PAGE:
T Nation

Ordered Chaos

Two years ago, I realized that beer and pizza would be a permanent part of my nutritional regimen. I enjoy these two pleasures immensely. Having realized this, I had to develop some method for keeping the extra pounds away from my waistline. I put this plan on the back burner for a while and, lo and behold, the inches started to accumulate. I had done HIIT before and knew it to be a very effective protocol for losing the fat. The only issue was that the indoor track I had access to was very short and banked excessively in the corners. The shape of the track would not allow me to sprint at a high intensity and NOT slam into the wall at each corner. Also, I could never really get my HR up high enough on a stationary bike so that was out as well. Since it was the worst winter in decades, and it was not feasible for me to share the road with some of the worst winter drivers in the world, I sat down and brainstormed. It was amazing to me that the answer actually came from the place where I least expected it: My high school wrestling coach.

I do not believe that he actually had any method to his madness back then, but he always made us tough and in prime condition. As we climbed the stairs nearly 100 times a day, we cursed him and, on occasion, took a little breather at the top while he was not looking. I hated those stairs back then so I knew that they were probably the answer to my current dilemma, all I had to do was add some order to his chaos.

I would love to tell you that I spent hours on end trying to figure out the right combinations of steps to make this workout effective, but all I did was use a little logic and, bam, it was complete. The first thing you do is grab a medicine ball and find a long flight of steps, I use a 6kg med ball and a flight of 18 steps. Holding the medicine ball directly over your head, fly up the steps hitting each step as if you were walking up them (Left foot step 1, right foot step 2, etc.). Do this 3 times before you drop the ball and start your rest interval. During the rest interval, you can jog in place until you reach your target low heart rate and then pick up the ball for the second interval. The second interval consists of ascending the steps by skipping every other one (Left foot step 1, right foot step 3). After attaining the target lower heart rate during the second rest interval, you grab the ball again and ascend the steps by skipping two steps (Left foot Step 1, right foot step 4). I call this progression singles/doubles/triples. After the last rest interval , you reverse it and do triples/doubles/singles and then start back up with singles/doubles/triples once you finish that (See Table 1 below). Some vertically challenged individuals may need to eliminate the triples for safety purposes. Continue this method for 30 minutes. It is important to note that you should descend the steps as quickly as safely possible and in a single step fashion only. Some taller folk can descend the steps slowly and in a double step fashion early on for an extra quad burn, but I am not recommending this, although I have tried it. During the initial trial of this program, my target low heart rate corresponded to 70% of my max heart rate and I generally got a high of 90-95% of max heart rate. As I progressed through it several times, I found that I could actually tolerate a higher lower target HR of about 80-85% max HR.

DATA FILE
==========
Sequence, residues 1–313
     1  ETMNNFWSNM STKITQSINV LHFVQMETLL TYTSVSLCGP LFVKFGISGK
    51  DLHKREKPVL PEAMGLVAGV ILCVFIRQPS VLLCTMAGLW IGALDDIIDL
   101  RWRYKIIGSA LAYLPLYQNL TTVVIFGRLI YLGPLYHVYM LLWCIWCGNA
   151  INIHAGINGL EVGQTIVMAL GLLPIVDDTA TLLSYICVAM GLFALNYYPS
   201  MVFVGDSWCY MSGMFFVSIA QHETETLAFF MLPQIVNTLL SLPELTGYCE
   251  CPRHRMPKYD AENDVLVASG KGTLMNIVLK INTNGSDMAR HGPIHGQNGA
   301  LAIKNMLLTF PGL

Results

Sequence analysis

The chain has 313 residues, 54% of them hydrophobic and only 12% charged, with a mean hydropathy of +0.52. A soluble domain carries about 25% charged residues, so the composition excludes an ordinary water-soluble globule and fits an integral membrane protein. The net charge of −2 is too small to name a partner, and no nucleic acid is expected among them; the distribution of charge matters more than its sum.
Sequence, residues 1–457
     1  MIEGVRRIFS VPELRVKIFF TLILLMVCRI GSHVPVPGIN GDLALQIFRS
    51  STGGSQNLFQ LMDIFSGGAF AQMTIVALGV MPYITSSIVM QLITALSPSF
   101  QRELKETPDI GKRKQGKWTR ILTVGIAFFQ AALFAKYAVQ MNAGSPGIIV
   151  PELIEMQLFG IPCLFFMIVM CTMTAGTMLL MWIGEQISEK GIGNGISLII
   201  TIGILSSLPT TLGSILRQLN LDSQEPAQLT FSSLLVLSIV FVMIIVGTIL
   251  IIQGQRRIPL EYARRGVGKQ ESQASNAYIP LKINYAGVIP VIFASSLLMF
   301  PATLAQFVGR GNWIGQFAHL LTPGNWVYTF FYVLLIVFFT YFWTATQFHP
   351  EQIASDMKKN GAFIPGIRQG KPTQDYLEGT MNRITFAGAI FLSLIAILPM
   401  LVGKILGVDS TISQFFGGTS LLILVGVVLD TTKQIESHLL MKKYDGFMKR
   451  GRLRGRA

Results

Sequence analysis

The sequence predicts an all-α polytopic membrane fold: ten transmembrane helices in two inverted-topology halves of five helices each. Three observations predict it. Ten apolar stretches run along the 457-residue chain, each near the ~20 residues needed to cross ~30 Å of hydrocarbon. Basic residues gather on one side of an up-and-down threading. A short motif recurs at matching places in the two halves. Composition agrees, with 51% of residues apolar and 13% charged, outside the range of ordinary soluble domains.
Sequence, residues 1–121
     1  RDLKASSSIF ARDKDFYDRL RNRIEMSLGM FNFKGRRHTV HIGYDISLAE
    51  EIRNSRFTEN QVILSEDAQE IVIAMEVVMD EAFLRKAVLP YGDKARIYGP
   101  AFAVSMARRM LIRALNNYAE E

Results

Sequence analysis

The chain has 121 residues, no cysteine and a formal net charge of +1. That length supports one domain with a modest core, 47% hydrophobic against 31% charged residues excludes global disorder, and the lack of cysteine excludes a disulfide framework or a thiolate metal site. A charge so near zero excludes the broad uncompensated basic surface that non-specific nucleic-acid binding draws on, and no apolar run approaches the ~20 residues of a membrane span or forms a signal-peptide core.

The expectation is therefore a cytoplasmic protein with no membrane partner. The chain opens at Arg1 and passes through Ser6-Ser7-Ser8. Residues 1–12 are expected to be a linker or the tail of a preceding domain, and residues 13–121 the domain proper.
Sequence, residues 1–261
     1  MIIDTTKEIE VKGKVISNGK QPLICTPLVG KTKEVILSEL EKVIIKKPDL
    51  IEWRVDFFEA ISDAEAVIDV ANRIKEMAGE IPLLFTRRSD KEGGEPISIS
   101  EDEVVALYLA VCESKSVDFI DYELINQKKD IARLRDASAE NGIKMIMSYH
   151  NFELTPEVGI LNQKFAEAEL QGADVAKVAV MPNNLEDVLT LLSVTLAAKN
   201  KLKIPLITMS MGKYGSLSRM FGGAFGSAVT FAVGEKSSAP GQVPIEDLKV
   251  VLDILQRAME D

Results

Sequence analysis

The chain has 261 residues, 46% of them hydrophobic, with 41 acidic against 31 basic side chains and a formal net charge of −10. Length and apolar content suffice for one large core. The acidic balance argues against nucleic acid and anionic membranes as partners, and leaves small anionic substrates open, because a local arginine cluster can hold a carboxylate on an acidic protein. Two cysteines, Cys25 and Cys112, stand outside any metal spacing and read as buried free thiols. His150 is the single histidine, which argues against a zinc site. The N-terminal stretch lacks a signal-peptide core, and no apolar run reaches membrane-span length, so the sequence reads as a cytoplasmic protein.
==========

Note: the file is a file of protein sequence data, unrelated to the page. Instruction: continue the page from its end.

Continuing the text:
Steps Reps End Interval HR
Singles 3-5 70%Max
Doubles 3-5 70%Max
Triples 3-5 70%Max
Triples 3-5 70%Max
Doubles 3-5 70%Max
Singles 3-5 70%Max
Table 1 Sample Progression

So, what were my findings? Well, by the second round of singles/doubles/triples on the first day, my shoulders and legs were on fire, I wanted to puke, and I contemplated giving up beer and pizza for life. I pushed through it for a couple of weeks and saw the remnants of my old six pack in the mirror. After four weeks, I was extremely happy with my fat loss results and my shoulder and leg strength actually increased. An added bonus came when I could run significantly faster following the program. I believe this is a result of improving stride length through the triples and stride frequency through the singles. Give this ordered chaos a try, I bet you will be extremely happy with your results. I recommend that this program be done 3-4 times a week either on your off days or following your strength training program. Also, if you have a history of knee problems or are morbidly obese you should try a different approach.